— Cousin Henry • Anthony Trollope

... always wise, and the rich were always foolish, if hardship taught us sense, and indulgence made us giddy, what a fine world it would be. How virtue would be rewarded. How vice would be rebuked. But wisdom does not run with social rank, nor with commercial rating. Some of us who are poor are exceedingly foolish, and some of those ...
— In the Heart of a Fool • William Allen White

... Had Peter any sense of humor he might have smiled at this weakness in his Amazonian sister, but he saw only the serious, practical side of the situation, with, of course, its inevitable relation to his one controlling idea. The ...
— Tales of Trail and Town • Bret Harte

... softly behind the visitor, feeling a sense of comfort not wholly accounted for by the information as to the successful year. Mr. Clark, somehow, always reassured him. The butler could understand the springs that moved ...
— Santa Claus's Partner • Thomas Nelson Page

... weakness," he continued, "but what is there, candidly, to distinguish you from children? You are older, but not wiser,—really not so wise, for with years you lose the common sense you had as children. Have you ever heard a group ...
— Elizabeth and her German Garden • "Elizabeth", AKA Marie Annette Beauchamp

... away and smiled to herself. Daphne was a beautiful dancer, and if Jerry had even a grain of sense he would recognize her light step, for he had danced with her many times at dancing school. She watched them circle the room once and waited for them to pass her again. As they neared her she expected to hear Daphne's ...
— Phyllis - A Twin • Dorothy Whitehill

... we reply, that the instance last quoted is not analogous (to the matter under discussion). The words of the sentence prohibiting the drinking of wine form only one whole, and on that account the separate sense which any minor syntactical unity included in the bigger sentence may possess cannot be accepted. In the case of injunction and arthavada, on the other hand, the words constituting the arthavada form a separate group of their own which ...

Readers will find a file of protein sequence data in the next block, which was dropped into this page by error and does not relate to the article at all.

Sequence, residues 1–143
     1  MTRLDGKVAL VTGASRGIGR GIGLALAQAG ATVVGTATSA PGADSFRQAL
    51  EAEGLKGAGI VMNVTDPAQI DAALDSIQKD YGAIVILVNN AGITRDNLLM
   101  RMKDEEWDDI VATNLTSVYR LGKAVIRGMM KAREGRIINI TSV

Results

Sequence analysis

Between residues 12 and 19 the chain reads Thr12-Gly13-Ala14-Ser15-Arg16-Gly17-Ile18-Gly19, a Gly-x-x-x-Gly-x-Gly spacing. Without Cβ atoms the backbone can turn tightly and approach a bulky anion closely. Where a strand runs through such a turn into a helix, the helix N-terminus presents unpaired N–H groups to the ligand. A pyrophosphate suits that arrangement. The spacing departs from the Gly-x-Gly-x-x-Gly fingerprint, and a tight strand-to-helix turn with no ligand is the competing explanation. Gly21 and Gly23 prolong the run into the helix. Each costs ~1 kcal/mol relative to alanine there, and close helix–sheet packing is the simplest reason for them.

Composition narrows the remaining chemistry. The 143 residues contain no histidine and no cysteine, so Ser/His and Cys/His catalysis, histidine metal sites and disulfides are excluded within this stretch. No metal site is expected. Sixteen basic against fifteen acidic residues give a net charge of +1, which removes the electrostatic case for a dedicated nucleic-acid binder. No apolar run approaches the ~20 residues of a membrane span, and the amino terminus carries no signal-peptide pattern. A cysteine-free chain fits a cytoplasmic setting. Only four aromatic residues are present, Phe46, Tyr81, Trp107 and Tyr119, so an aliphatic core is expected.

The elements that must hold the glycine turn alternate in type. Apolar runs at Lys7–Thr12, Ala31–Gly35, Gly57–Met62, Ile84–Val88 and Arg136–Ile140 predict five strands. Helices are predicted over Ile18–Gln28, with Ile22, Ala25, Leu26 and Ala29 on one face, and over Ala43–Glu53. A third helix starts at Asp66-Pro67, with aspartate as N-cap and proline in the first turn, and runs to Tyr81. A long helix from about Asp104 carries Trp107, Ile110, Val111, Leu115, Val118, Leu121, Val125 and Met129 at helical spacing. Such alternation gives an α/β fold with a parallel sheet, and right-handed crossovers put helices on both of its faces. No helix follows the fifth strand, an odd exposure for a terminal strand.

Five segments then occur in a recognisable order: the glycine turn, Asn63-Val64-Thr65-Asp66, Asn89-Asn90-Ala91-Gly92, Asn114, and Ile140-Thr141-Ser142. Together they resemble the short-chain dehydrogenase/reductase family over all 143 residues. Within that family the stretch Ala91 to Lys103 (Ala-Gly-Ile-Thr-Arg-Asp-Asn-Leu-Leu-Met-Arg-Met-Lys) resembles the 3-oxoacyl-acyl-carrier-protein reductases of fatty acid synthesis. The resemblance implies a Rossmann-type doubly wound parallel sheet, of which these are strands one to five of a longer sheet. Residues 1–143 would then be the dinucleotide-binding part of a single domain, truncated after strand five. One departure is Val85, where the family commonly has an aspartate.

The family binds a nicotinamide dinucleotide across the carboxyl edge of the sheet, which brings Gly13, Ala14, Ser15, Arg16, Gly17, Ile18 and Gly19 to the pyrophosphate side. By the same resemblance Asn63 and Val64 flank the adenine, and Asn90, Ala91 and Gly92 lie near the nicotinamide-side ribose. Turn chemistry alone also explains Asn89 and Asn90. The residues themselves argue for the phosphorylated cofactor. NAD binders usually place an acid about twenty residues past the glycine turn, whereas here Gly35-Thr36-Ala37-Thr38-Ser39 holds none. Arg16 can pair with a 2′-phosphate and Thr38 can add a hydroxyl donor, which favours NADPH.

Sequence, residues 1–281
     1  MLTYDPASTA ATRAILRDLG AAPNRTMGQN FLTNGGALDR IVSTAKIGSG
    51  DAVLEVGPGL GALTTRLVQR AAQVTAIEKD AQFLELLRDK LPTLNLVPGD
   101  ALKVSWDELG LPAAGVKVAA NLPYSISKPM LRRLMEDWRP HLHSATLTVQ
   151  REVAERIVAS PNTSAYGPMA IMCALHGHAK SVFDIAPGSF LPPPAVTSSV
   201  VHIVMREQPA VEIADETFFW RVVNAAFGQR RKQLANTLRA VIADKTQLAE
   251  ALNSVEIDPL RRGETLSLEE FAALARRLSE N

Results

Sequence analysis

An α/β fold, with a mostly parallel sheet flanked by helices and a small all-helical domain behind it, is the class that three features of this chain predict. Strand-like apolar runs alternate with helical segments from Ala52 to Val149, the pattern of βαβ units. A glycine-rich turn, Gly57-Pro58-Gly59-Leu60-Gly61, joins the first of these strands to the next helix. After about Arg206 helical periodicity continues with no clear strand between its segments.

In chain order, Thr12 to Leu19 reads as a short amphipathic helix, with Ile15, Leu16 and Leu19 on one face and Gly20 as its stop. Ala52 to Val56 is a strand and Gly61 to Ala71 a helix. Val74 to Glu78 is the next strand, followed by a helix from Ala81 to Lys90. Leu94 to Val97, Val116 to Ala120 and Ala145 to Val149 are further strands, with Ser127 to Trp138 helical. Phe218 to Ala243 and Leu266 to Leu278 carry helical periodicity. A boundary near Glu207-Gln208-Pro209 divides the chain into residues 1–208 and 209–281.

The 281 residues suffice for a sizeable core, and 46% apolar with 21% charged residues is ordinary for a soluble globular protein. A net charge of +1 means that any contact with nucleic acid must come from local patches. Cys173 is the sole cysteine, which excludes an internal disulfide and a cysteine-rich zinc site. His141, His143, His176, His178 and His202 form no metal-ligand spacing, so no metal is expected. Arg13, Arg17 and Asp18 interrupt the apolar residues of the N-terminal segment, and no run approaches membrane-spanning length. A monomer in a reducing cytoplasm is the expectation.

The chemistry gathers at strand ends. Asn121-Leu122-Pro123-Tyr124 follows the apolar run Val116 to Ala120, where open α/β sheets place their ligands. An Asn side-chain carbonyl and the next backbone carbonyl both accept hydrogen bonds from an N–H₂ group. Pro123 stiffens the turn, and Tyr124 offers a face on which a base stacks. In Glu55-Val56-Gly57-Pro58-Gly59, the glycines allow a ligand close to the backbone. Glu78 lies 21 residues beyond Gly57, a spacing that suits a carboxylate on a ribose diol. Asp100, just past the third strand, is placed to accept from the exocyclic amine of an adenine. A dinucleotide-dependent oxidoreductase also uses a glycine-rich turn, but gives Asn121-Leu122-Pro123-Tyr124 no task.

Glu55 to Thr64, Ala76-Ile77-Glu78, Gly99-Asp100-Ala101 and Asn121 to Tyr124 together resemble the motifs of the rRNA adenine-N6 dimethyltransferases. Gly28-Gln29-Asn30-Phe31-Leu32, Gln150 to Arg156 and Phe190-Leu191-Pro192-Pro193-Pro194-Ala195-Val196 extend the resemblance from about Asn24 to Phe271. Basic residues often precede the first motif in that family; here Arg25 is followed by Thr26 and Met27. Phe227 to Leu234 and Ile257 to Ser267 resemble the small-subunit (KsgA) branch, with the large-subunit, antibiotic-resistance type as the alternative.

— The Vedanta-Sutras with the Commentary by Sankaracarya - Sacred Books of the East, Volume 1 • George Thibaut

... the three had heard; and yet, although he had not made up his mind that the stranger's whole story was not the fabric of delirium, he had an uncomfortable feeling that someone really was below. Neither seeing nor hearing, he knew by some sixth sense that another human being stood within a few yards of him waiting. Who that human being was, what he wished, what he was willing to venture was a mystery. Sorez had spoken of the priest—the man who had stabbed ...
— The Web of the Golden Spider • Frederick Orin Bartlett

... the latter principle I have long held; and it seems to me that there is much sense and truth in the other tenets which you have explained. I, as you know, am a blunt man, not given to book learning; but, in truth, old friend, I should like to hear from you again more at large of ...
— A True Hero - A Story of the Days of William Penn • W.H.G. Kingston

... paper, that abuse of his confidence, to which you alluded, will steel him to my brother's case. If threats or entreaties could move his stern sense of justice, would Andre have suffered?" As Frances uttered these words she fled from the ...
— The Spy • James Fenimore Cooper

... Vacancy in the Academy; place among the sacred Forty,—vacant for Voltaire, if he can get it. Voltaire attaches endless importance to this place; beautiful as a feather in one's cap; useful also to the solitary Ishmael of Literature, who will now in a certain sense have Thirty-nine Comrades, and at least one fixed House-of-Call in this world. In fine, nothing can be more ardent than the wish of M. de Voltaire for these supreme felicities. To be of the Forty, to get his Plays acted,—oh, then were the ...
— History of Friedrich II. of Prussia, Vol. XIV. (of XXI.) • Thomas Carlyle

... era the English artists, having had their eyes opened by the teachings of the foreign exhibits of 1851, steadily gained ground, and the Wards having the sense to employ, in the first instance, foreign artistic workmen, rapidly pushed to the front, until the finest animal study of ancient or modern times was achieved by one of them—the "Lion and Tiger Struggle," exhibited at Paris, and afterwards at the Sydenham Crystal Palace. This, and one or two ...
— Practical Taxidermy • Montagu Browne

... feelings to overcome him when thinking of the possibilities which he believed life might have had in store for him. The constant mental strain under which he found himself seemed to affect but lightly his keen sense of vivacity. Wearily did he pass some of his time amidst the verdancy of the woods. The sun often rose and set unheeded by the fugitive. When darkness set in he would furtively steal out to a friend's hut, where he would participate ...
— The Hunted Outlaw - Donald Morrison, The Canadian Rob Roy • Anonymous

... hit the broader and deeper signification of economy, which is, in fact, the science of comparative values. In its highest sense, economy is a just judgment of the comparative value of things,—money only the means of enabling one to express that value. This is the reason why the whole matter is so full of difficulty,—why every one criticises his neighbor ...